Control specialists swap UK greenhouses for African anaerobic digestors

Tomtech has been putting their technology to a new use, helping boost the circular economy in Kenya.

More frequently found in UK and European greenhouses, Tomtech's technology is helping control an anaerobic digestor that is turning waste into biofuel on one of Kenya's largest flower farms.

"Though we're more accustomed to helping create ideal growing conditions in greenhouses, our technology is just as adept at controlling other processes like anaerobic digestion," says Krzysztof Hernik, Managing Director of Tomtech.

Tomtech's T200 control system is more frequently used within multi-zone greenhouses where it automatically alters heating, ventilation, irrigation, fertigation, and other factors which affect growth.

The system monitors conditions using Tomtech's Environment Manager software and makes changes based on user-defined programming and variations in conditions.

However, for the first time, the T200 has now been used to control the functions of an anaerobic digestor operated by the Kenyan company Grants Bio-Tech.

Anaerobic digestion is the process in which organic matter, such as animal or plant waste, is broken down via bacteria in an oxygen-free tank to produce biogas.

Grants Bio-Tech design, manufacture and install anaerobic digestors, which they state help create energy independence and a cleaner environment.

"Kenyan horticulture, particularly the cut flower industry, produces high levels of bio waste, which can be a problem, but that also offers an opportunity for clean and sustainable energy where it's needed most," says Paul Hodson, Director of Grants Bio-Tech.

"The Tomtech system has given us better, safer control of the digestion process, and we are already seeing increased gas production as a result," adds Paul.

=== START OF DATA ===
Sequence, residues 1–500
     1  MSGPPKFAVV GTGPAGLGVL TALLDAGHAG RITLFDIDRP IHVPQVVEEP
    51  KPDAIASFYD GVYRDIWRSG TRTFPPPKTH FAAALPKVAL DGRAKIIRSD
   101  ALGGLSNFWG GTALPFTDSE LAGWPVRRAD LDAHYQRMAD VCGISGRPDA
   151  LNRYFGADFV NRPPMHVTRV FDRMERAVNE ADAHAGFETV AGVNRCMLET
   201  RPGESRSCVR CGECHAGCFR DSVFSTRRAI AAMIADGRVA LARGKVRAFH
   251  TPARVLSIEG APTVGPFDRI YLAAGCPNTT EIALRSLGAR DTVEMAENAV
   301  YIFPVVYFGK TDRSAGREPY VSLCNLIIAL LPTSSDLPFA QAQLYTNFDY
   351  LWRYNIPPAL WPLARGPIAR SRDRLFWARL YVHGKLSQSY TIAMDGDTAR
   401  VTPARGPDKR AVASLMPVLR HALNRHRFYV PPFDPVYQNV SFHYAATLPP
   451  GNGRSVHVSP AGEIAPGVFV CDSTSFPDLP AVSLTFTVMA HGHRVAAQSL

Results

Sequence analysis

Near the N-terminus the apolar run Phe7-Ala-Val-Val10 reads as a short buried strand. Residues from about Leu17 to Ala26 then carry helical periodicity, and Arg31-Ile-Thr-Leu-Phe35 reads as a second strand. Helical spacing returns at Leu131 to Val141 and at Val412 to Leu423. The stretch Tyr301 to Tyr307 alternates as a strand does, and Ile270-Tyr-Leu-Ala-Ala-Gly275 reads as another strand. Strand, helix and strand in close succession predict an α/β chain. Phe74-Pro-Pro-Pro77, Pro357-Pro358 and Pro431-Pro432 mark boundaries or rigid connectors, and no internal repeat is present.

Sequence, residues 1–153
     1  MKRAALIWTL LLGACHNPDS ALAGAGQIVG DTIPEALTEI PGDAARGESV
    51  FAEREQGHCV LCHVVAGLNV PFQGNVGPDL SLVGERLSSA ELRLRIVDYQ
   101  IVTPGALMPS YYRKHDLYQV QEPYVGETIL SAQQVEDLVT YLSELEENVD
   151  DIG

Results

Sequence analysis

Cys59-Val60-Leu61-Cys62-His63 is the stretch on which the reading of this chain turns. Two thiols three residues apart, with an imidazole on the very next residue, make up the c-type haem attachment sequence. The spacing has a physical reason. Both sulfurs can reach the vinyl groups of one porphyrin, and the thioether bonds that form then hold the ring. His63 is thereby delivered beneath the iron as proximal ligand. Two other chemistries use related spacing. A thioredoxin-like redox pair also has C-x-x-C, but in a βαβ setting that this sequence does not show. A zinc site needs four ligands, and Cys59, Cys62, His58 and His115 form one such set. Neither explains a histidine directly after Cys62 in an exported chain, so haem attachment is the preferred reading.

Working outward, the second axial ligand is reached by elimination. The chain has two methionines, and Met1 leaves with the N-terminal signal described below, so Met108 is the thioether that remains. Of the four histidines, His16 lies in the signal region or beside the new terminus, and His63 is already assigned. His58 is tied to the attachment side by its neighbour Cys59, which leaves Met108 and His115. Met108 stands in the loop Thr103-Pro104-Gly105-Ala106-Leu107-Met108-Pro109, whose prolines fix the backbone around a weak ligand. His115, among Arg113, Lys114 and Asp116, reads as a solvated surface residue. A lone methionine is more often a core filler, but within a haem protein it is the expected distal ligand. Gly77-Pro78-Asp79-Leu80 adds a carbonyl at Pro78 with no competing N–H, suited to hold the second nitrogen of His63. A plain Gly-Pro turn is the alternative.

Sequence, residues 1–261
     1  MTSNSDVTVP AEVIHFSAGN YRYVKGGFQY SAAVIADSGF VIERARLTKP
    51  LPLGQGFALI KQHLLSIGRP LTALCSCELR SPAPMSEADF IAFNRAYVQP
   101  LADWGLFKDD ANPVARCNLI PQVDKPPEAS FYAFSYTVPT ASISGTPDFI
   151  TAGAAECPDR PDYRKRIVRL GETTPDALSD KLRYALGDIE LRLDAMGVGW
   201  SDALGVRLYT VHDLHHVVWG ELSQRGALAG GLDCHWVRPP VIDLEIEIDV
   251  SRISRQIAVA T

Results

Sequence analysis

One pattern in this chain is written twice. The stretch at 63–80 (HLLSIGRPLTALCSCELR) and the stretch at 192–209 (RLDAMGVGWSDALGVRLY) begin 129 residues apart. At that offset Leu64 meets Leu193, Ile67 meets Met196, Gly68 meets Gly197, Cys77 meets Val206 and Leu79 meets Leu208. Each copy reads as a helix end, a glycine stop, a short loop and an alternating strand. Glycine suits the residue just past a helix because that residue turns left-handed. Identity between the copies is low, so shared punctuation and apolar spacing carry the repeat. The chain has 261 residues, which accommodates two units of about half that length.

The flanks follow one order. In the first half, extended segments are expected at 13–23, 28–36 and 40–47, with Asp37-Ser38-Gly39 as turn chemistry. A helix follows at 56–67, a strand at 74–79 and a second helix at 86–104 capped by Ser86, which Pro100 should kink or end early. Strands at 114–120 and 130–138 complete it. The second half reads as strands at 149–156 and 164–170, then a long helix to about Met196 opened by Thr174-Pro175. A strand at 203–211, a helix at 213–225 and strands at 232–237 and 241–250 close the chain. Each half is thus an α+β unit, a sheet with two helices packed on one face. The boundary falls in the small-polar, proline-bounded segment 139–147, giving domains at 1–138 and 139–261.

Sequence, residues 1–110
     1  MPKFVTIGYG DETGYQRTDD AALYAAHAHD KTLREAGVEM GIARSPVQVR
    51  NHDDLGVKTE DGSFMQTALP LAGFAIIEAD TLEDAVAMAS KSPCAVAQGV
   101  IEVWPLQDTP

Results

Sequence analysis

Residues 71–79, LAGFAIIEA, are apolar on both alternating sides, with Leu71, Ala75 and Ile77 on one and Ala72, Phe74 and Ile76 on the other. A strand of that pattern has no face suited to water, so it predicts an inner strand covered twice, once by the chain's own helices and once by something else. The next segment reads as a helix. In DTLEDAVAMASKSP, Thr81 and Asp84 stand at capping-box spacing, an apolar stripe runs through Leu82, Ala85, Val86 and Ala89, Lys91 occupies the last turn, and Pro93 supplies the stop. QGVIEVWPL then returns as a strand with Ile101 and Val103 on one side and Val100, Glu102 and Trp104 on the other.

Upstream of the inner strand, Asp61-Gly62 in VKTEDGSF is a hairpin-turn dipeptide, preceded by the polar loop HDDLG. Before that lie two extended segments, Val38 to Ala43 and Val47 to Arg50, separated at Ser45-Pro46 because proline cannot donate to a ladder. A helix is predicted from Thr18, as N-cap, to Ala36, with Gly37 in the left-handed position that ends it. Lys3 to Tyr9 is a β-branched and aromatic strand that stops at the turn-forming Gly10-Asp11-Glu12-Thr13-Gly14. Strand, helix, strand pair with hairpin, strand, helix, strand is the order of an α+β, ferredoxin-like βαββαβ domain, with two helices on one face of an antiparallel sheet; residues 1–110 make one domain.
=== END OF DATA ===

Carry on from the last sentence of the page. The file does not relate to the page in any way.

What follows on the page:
The anaerobic digestor has been installed at Bohemian Flower Farm, which is located near the town of Naivasha and is one of the largest in Kenya, with over 3,500 employees.

A large town in Nakuru County, around 90km northwest of the Kenyan capital of Nairobi, Naivasha is a popular tourist destination known for the Hells Gate National Park, which was the inspiration for a number of locations in Disney's 'The Lion King.'

Kenya's economy is heavily reliant on agriculture and horticulture, which employs over 500,000 people, including around 100,000 on flower farms that produce flowers, including roses, carnations, and alstroemeria.

"Naturally, we jumped at the chance to support a project which helps create sustainable energy. The circular economy is increasingly important to developing communities that can benefit from renewable energy," concludes Krzysztof Hernik, Managing Director at Tomtech.

Tomtech was established in 1986 and provides everything needed to create, monitor and maintain the perfect growing conditions in commercial greenhouses.

Their adaptive systems are used throughout the UK and further afield to support the horticulture of almost every type of crop grown in glasshouses.

This is one of the first times their technology has also been used to control anaerobic digestors, but more projects are planned both in the UK and Africa.

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